Berkshire news Call for London driving charges to be dropped due to rail strike PremierLeague-News.Com
PremierLeague-News.Com - Some motorists have to pay for entering the Ultra Low Emissions Zone
PremierLeague-News.Com - Breaking Sport Transfer News ! There has been calls for driving charges for motorists entering the Ultra Low Emissions Zone to be scrapped during the rail strike. Bracknell’s MP has called on the London Mayor to waive the capital’s fees in response to next week’s planned strike. James Sunderland has suggested Sadiq Khan make the changes as thousands of workers plan to walk out on June 21, 23 and 25. And Mr Sunderland said the mayor should make the move as he has not “publicly condemned” the strike action. More than half of all rail lines being closed as a result of the strike. The Rail, Maritime and Transport union (RMT), whose members include around 80,000 industry employees, announced the action after disputes over pay, pensions and job losses weren’t resolved. READ MORE: How 2022 train strikes will affect rail passengers in Reading, Slough and other Berkshire towns Dubbed the “biggest rail strike in modern history,” over 40,000 union members from Network Rail and 13 train companies plan to walk out. Passengers have been advised not to travel by train next week unless necessary, including those commuting to London from parts of Berkshire as Great Western and South Western Railway lines will be affected. In response, Mr Sunderland asked the Secretary of State for Transport Grant Schapps in the House of Commons whether he agrees that Sadiq Khan “might be encouraged to waive the ULEZ (Ultra Low Emissions Zone) and the congestion charge” for motorists who are now having to come into London, including key workers. He added: “Many of my constituents in Bracknell rely on the trains and this is just another cost on working families.” Mr Schapps responded by saying that “every possible alleviation that can be made should be made.” Mr Khan has not made a public comment on the proposal.
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.30am and 6.30pm – meaning services will start later and finish earlier than usual. The strike will also impact travel on the days following the strikes with just 12,000-14,000 services expected to run during that time. South Western Railway will have a ‘Severely limited service’ on some routes between 7.15am and 6.30pm on strike days. There will be four trains per hour between London Waterloo and Woking and two per hour between London Waterloo and Basingstoke. Meanwhile Great Western Railway services will be ‘severely affected’ between Tuesday and Saturday. Chairman of industry body the Rail Delivery Group, Steve Montgomery, said: “These strikes will affect the millions of people who use the train each day, including key workers, students with exams, those who cannot work from home, holidaymakers and those attending important business and leisure events. Working with Network Rail, our plan is to keep as many services running as possible, but significant disruption will be inevitable and some parts of the network will not have a service, so passengers should plan their journeys carefully and check their train times.” Read next: Reading grot-spot where toxic waste and 42 tyres have been dumped this month Banker claimed to have terminal cancer as part of £1.2m scam Leisure centre demolition begins two years after closure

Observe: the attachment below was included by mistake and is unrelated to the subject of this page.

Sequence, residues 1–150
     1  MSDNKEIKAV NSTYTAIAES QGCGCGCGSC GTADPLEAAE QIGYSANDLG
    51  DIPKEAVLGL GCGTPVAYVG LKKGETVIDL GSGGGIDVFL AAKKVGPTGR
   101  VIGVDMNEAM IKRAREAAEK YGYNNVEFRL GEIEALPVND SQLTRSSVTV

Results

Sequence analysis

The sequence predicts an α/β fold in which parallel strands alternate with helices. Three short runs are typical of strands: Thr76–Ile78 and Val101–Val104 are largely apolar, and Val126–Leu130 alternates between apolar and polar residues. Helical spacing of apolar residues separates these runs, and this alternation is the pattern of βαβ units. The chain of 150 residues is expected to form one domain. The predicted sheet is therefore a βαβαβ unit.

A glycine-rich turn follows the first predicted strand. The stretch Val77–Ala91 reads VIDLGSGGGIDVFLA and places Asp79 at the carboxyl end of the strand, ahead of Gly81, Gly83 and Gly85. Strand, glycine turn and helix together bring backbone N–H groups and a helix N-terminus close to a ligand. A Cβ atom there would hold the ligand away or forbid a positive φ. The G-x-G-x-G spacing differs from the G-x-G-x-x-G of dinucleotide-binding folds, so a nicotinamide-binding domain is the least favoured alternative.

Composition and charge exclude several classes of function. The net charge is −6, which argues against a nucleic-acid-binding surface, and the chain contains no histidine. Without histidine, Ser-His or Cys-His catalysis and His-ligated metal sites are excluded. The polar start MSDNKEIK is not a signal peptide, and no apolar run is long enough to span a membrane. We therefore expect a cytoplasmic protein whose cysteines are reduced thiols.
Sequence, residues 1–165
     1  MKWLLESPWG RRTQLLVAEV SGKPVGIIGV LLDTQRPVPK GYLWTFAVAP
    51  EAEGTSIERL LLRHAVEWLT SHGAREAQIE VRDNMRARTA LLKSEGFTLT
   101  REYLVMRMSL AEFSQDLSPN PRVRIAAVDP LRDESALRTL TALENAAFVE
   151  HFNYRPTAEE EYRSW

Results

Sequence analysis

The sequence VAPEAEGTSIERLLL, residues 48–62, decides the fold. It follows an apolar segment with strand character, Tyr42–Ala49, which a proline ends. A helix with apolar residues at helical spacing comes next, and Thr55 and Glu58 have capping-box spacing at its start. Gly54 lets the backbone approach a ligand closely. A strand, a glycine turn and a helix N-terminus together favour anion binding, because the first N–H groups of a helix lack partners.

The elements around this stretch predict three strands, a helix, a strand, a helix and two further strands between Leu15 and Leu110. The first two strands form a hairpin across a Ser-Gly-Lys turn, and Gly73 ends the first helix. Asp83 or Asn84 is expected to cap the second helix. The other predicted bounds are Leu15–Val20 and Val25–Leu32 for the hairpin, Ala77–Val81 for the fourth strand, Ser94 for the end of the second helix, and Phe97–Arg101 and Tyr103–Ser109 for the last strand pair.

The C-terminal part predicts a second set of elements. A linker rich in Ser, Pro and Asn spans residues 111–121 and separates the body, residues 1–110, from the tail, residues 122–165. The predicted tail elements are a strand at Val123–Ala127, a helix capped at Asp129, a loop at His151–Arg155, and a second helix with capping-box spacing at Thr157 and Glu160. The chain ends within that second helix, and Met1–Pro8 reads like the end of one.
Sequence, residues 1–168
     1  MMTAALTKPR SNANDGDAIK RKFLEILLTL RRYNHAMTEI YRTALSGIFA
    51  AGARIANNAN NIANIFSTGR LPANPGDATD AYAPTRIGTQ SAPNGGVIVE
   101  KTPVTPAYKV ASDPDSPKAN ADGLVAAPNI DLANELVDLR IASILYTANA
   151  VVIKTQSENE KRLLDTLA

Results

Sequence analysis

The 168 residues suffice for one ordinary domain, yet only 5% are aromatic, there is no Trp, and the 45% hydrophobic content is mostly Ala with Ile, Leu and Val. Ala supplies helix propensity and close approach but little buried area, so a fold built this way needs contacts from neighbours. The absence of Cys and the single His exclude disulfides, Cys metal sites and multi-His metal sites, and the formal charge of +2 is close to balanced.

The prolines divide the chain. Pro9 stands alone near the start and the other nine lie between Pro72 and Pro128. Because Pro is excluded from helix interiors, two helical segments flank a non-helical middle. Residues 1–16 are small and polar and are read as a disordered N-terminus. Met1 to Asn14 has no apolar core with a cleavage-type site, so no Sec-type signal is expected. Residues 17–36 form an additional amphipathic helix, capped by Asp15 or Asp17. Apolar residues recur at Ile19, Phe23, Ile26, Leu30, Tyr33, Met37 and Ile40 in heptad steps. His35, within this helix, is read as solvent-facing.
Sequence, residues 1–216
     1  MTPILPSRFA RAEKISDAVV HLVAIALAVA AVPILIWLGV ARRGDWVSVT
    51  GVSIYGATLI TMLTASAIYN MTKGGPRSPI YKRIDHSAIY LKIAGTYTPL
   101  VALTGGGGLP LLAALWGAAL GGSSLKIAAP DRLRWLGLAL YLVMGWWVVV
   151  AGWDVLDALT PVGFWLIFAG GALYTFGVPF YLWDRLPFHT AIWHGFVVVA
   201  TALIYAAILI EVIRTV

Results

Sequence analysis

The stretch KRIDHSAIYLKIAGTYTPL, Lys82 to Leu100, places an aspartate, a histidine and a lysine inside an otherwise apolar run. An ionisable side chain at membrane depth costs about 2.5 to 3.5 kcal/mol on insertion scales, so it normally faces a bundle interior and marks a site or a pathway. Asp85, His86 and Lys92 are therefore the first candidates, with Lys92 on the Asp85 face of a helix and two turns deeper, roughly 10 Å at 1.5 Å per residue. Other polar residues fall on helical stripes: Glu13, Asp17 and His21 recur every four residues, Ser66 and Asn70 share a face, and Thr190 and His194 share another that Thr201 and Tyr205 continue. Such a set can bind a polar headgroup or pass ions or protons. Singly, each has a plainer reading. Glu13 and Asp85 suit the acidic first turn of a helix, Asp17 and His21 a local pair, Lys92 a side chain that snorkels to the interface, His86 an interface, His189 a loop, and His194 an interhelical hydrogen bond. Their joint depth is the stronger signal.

Lower Early flats are approved despite fears of cars being parked in the road
M4 closures this weekend near Heathrow and M25
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